I recently posted a series of articles on Project Network Diagrams. I wrote an article on Start to Start Relationship. I described the relationship using a small example. While explaining the example I wrote a statement – “The Project Team will need a total of 3 days to complete these activities”. A very senior Project Management Author & Trainer commented on my article. He said that this statement could be confusing. He said that the Days can be understood to mean either Project Effort or Duration.
I completely agree with his comment. During my training the students always ask me “what is the difference between Project Effort and Duration”. I have noticed that many people are not able to distinguish between these terms. They include senior industry professionals, Project Management practitioners and subject matter experts. In fact, I have observed that many Project Management authors have used these terms interchangeably.
In my opinion, you should first understand a Project Management term as a plain English term. Later on, you should delve deeper and understand the Project Management behind the term. In plain English:
Duration refers to the length of time or the time taken to complete a task.
Effort refers to the amount of exertion or the amount of work done to complete a task.
The terms Project Effort and Duration have completely different meaning. One term should not be used in place of the other. Let us understand Project Effort and Duration through definitions and example.
Project Management Definition & Explanation of Of Effort and Duration
Duration is the total number of work periods required to complete a Task.
The Task could mean an entire Project or a WBS Component or an Activity. Duration does not include holidays and non-working periods. Duration is usually measured & expressed in Hours, Days, and Weeks etc. But you can express Duration in Work Hours, Work Days or Work Weeks in order to avoid any confusion.
You can also look at Max Wideman’s Glossary for some other definitions of Duration.
Note: Duration is different from Elapsed Time.
Effort is the number of labor units required to complete a Task.
Again, the Task could mean an entire Project or a WBS Component or an Activity. Effort is sometimes expressed in Hours, Days, and Weeks etc. But you should use Person Hours, Person Days or Person Weeks to express Effort in order to avoid any confusion. Some Project Management authors prefer to use ‘Man’ or ‘Staff’ as prefix to express Effort e.g. Man Hours, Staff Days, Staff Weeks etc.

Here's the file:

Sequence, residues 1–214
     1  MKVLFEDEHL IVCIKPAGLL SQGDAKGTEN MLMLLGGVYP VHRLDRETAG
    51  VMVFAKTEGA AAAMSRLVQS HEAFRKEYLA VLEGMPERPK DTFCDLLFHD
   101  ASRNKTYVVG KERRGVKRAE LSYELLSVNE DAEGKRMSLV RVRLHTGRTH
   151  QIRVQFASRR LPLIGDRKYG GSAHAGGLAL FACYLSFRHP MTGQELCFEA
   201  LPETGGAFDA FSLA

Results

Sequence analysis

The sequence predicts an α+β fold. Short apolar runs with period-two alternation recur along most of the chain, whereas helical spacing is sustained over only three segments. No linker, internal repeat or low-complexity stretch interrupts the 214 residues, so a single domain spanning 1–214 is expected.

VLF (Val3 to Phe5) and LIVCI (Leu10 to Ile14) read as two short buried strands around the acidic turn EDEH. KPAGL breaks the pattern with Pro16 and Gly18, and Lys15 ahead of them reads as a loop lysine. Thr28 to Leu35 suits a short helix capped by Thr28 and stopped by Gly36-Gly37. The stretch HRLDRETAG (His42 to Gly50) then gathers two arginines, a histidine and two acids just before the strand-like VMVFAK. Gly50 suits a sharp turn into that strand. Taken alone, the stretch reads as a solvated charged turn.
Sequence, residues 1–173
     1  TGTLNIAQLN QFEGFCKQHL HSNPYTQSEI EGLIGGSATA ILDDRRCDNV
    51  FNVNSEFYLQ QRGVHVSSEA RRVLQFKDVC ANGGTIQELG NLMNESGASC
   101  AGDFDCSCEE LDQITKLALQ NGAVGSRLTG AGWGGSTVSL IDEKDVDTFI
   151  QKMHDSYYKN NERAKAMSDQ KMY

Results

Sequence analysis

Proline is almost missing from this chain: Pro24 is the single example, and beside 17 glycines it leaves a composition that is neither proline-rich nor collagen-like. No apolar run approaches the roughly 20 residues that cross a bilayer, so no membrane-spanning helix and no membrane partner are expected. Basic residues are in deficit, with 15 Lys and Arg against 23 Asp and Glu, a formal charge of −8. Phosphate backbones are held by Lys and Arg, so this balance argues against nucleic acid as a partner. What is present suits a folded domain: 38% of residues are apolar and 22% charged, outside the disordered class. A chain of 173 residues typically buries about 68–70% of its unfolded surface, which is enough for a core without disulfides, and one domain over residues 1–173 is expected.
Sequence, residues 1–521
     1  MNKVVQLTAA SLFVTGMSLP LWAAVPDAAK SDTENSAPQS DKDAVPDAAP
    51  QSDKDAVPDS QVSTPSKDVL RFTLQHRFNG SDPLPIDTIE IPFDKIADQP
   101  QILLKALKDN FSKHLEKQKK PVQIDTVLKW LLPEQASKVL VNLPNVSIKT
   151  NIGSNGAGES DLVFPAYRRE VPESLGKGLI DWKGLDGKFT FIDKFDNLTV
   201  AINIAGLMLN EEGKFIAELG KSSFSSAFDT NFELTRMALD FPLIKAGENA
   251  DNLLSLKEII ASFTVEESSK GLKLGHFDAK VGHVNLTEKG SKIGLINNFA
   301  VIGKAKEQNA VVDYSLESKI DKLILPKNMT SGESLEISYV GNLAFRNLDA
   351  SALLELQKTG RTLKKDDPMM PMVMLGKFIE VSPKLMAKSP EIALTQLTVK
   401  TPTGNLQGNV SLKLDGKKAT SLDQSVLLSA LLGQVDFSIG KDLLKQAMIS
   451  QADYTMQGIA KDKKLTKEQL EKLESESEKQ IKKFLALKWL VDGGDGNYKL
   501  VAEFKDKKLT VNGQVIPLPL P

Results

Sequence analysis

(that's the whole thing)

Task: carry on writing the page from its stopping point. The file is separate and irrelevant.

You can also look at Max Wideman’s Glossary for some other definitions of Effort.
Example of Project Effort and Duration
Let us consider a small task that involves Painting Walls.
Assumptions & Estimates
- 1 Work Day = 8 Work Hours. It means that Painter(s) will work 8 Hours per Day.
- The Task has a Duration Estimate of 4X Work Days with only 1 Painter working.
- There are many Painters available to do the Task.
- All Painters have equal productivity. The amount and quality of the work would be same for each Painter.
- If 1 Painter works, the Duration of the Task would be 4X Work Days or 32X Work Hours.
- If 2 Painters work, the Duration of the Task would be 2X Work Days or 16X Work Hours.
- If 4 Painters work, the Duration of the Task would be 1X Work Days or 8X Work Hours.
- If 1 Painter works, the Effort for the Task would be 4X Person Days or 32X Person Hours.
- If 2 Painters work, the Effort for the Task would again be 4X Person Days or 32X Person Hours.
- If 4 Painters work, the Effort for the Task would again be 4X Person Days or 32X Person Hours.
Relationship between Project Effort and Duration
Let us continue from the above example. The relationship between Project Effort and Duration can be best expressed by following formula:
(Effort) = (Duration) * (Number of Resources)
This formula will not work in many cases. But, it gives a fair idea of the relationship between Project Effort and Duration. This formula will work only if:
- Work can be easily distributed among many Resources.
- There is no dependency between the Resources.
- The productivity of all Resources is considered equal.
For example, the formula would not work while developing a piece of software code.
Over To You
What units do you use to connote Project effort and Duration? Do you use any formulas? Please leave a comment.
PMP Exam Formulas
I have also compiled a PMP Formulas Cheat Sheet. It contains 45 formulas and 57 abbrviations. It will help you in your exam prep. You can freely download the PMP Formulas Sheet for your studies. It is the best and most comprehensive cheat sheet based on the PMBOK Guide 6th edition.
If you are looking beyond a cheat sheet, then I would suggest you to buy detailed PMP Exam Formula Study Guide by Cornelius Fichtner. It contains detailed explanations of all the formulas along with examples and 105 practice questions.
Disclosure: This article contains affiliate links - it means that, if you buy from any of these links, then I will receive a small commission that would help me in maintaining this blog for free. However, for you, there is no extra cost. I recommend only those products that I believe will definitely help the certification aspirants.